Hey All - We got their attention last week just by organizing. Let's give them this week to dig into the evidence we provided them with on Dana's case before slamming them with phone calls; it may not be necessary., and my intention wasn't just to call for the sake of harassment.

I'll post a new page (either a group or an event) if we need to still emphasize that a LOT of people are concerned about this case. I think they get that part already. I believe that once someone competent takes a close look at the case, they'll open it without complaining.

We still need you all to stand as witnesses to what happens from here. And we still need to plan an action for Prisoner Justice Day on August 10.

Please continue to share this link and Dana's story widely.


US Attorney's Office - District of Arizona
Phoenix (July 13, 2012)

FRIDAY July 13, 2:48PM

Just heard from the media relations person at the FBI, Jennifer Giannola ( or 520-594-2020 for you journalists out there wanting the official comment). She said that the FBI is aware of Dana's murder, but they aren't able to confirm or deny that there's an investigation going on. That's it.

She suggested that Kini call the desk officer (who was clueless today) next week and ask to speak to the agent who ignored her after she went in person to beg them to help find Dana's killers and hold their accomplices responsible. Yeah - they wanted her to call the desk herself and just hope not to be disregarded again.

I suggested they have someone take a serious look at his file, open the case, and call her themselves next week - or have the decency to come out her in person and tell her why they don't think her son's homicide was a hate crime. How much more hateful could it have been?

Now, everyone here needs to know the FBI, the DOJ, the Phoenix Police, the AZ Attorney General's office, and several media outlets have a copy of the complete criminal investigations unit report on the homicide investigation (one section is over 575 pages and has photos of the evidence, including the weapon and eyewitness testimony). I think the only ones who haven't even looked at the ton of evidence we handed them, though, are the fellows in law enforcement. They have no clue what just hit them, it appears.

Perhaps this is just a matter of laziness and incompetence - I have no idea how far his file went before they said no the first time around. Did it silently disappear under a stack on some cop's or prosecutor's desk, or did the men in charge actually comprehend that Dana was killed for loving a Mexican and betraying his race as much as he was for the fact that his lover was a man and think "nope - that's not a hate crime."?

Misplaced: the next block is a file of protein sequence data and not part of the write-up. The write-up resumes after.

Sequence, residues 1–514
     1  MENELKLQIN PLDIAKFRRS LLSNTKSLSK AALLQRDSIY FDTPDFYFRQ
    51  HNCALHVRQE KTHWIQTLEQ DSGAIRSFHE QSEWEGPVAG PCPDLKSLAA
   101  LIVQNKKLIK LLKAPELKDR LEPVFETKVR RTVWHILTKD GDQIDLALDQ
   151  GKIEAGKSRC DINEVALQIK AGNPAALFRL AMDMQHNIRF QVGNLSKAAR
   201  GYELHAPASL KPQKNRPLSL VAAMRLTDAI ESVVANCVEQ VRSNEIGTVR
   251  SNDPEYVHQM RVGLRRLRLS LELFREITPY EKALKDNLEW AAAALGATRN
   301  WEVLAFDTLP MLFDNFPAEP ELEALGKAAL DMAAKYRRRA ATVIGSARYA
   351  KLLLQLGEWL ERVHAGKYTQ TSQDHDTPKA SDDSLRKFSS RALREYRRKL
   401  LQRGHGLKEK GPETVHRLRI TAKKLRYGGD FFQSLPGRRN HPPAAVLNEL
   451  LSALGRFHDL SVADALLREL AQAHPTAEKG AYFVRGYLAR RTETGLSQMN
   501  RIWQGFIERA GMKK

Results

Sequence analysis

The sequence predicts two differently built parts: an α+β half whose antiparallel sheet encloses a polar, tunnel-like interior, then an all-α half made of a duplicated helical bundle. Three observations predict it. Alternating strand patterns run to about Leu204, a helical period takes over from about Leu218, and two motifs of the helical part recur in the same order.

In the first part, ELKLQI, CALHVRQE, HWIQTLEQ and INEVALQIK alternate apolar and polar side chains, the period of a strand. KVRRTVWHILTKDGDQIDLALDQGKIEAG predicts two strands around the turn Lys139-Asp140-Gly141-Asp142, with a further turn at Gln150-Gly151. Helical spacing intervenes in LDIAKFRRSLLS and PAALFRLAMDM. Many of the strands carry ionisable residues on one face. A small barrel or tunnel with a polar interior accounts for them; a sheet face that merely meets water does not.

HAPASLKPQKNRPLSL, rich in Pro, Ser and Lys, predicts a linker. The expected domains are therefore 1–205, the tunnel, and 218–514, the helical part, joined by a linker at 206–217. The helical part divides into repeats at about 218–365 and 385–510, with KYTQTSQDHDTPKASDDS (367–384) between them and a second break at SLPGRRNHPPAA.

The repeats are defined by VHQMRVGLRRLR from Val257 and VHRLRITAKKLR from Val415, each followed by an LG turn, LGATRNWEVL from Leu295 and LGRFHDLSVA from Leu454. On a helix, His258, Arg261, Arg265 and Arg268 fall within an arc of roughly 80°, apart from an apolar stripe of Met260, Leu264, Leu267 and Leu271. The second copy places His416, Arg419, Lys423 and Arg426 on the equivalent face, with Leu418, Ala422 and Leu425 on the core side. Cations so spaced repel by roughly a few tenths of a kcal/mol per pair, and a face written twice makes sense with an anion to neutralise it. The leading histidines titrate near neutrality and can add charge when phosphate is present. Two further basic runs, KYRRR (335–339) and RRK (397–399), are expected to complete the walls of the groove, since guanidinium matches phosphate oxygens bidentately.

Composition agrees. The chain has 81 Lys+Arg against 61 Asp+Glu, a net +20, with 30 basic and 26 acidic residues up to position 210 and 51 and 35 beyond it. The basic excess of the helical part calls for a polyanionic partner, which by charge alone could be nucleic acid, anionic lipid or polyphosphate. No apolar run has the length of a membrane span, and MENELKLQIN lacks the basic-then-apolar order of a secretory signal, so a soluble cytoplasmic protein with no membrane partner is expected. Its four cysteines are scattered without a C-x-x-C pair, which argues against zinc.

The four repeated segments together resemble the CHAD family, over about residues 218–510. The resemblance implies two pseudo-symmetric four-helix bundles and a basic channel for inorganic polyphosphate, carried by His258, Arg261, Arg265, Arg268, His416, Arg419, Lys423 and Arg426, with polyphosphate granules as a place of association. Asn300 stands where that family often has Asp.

If Special Agent in Charge Turgal is the one who made that call and stands by it now, then he's at the top of Dana's mom's list of people to discuss this with, not the guy at the front desk, and he should be the one to explain himself.

So, that's where it all stands, for now. They won't confirm or deny anything. I think they hope this all just blows over before Monday. After all, he was just another black man in prison bludgeoned to death for loving a Mexican one...who in this state is going to care about that? And who in this world will back us?
here's the facebook site:
Tell the FBI: The Murder of Dana Seawright 
was a Hate Crime (623-466-1999)

Thursday, July 12, 2012

Tell the FBI: The Murder of Dana Haywood Seawright was a Hate Crime (ON HOLD)


Deaths in Custody: Hate, Justice and the FBI.

PHOENIX FBI: 623-466-1999


Many of my anarchist friends must think I'm nuts for inviting 600 people to call the FBI out on Dana Haywood Seawright's killers. Their co-conspirators, though, I believe, include employees of the state - the guards who let a gang beat a man to death and clean up their mess before stepping in to see what was amiss. And the DOC investigators who ignored both testimony and evidence that identified who ordered the hit.

So if you really want to mess with the police, my friends, please do so here and now - you don't have to check yes on the invite (allowing the FBI to gather their newest shit list), but you can still call and demand they treat this as a hate crime and put those witnesses into protective custody immediately. We need your help today and every day for the next month if that's what it takes to say that queer prisoners don't deserve to be treated this way....come find me if you have problems with that.

And remember that they will trace whatever phone you use. Your masks will not protect you...
---from FACEBOOK----